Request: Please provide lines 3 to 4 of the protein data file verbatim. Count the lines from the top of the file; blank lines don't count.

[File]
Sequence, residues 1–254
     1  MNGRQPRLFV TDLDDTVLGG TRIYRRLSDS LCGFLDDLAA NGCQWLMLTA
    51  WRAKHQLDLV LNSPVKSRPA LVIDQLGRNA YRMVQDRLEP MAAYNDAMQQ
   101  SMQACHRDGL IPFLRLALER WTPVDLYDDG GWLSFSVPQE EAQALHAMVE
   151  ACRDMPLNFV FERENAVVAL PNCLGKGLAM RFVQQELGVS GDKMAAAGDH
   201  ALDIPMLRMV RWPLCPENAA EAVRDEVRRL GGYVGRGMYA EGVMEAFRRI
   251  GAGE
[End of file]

    51  WRAKHQLDLV LNSPVKSRPA LVIDQLGRNA YRMVQDRLEP MAAYNDAMQQ
   101  SMQACHRDGL IPFLRLALER WTPVDLYDDG GWLSFSVPQE EAQALHAMVE